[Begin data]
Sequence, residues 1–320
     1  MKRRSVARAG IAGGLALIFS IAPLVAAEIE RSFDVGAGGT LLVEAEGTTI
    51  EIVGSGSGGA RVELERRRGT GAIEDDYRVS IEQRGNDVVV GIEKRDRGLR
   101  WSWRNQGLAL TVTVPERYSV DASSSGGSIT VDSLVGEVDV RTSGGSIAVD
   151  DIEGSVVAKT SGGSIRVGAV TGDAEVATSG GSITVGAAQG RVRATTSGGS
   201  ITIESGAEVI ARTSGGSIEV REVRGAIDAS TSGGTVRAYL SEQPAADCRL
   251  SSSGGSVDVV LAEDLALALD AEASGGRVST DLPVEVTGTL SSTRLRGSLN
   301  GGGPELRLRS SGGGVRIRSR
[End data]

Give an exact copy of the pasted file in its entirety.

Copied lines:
Sequence, residues 1–320
     1  MKRRSVARAG IAGGLALIFS IAPLVAAEIE RSFDVGAGGT LLVEAEGTTI
    51  EIVGSGSGGA RVELERRRGT GAIEDDYRVS IEQRGNDVVV GIEKRDRGLR
   101  WSWRNQGLAL TVTVPERYSV DASSSGGSIT VDSLVGEVDV RTSGGSIAVD
   151  DIEGSVVAKT SGGSIRVGAV TGDAEVATSG GSITVGAAQG RVRATTSGGS
   201  ITIESGAEVI ARTSGGSIEV REVRGAIDAS TSGGTVRAYL SEQPAADCRL
   251  SSSGGSVDVV LAEDLALALD AEASGGRVST DLPVEVTGTL SSTRLRGSLN
   301  GGGPELRLRS SGGGVRIRSR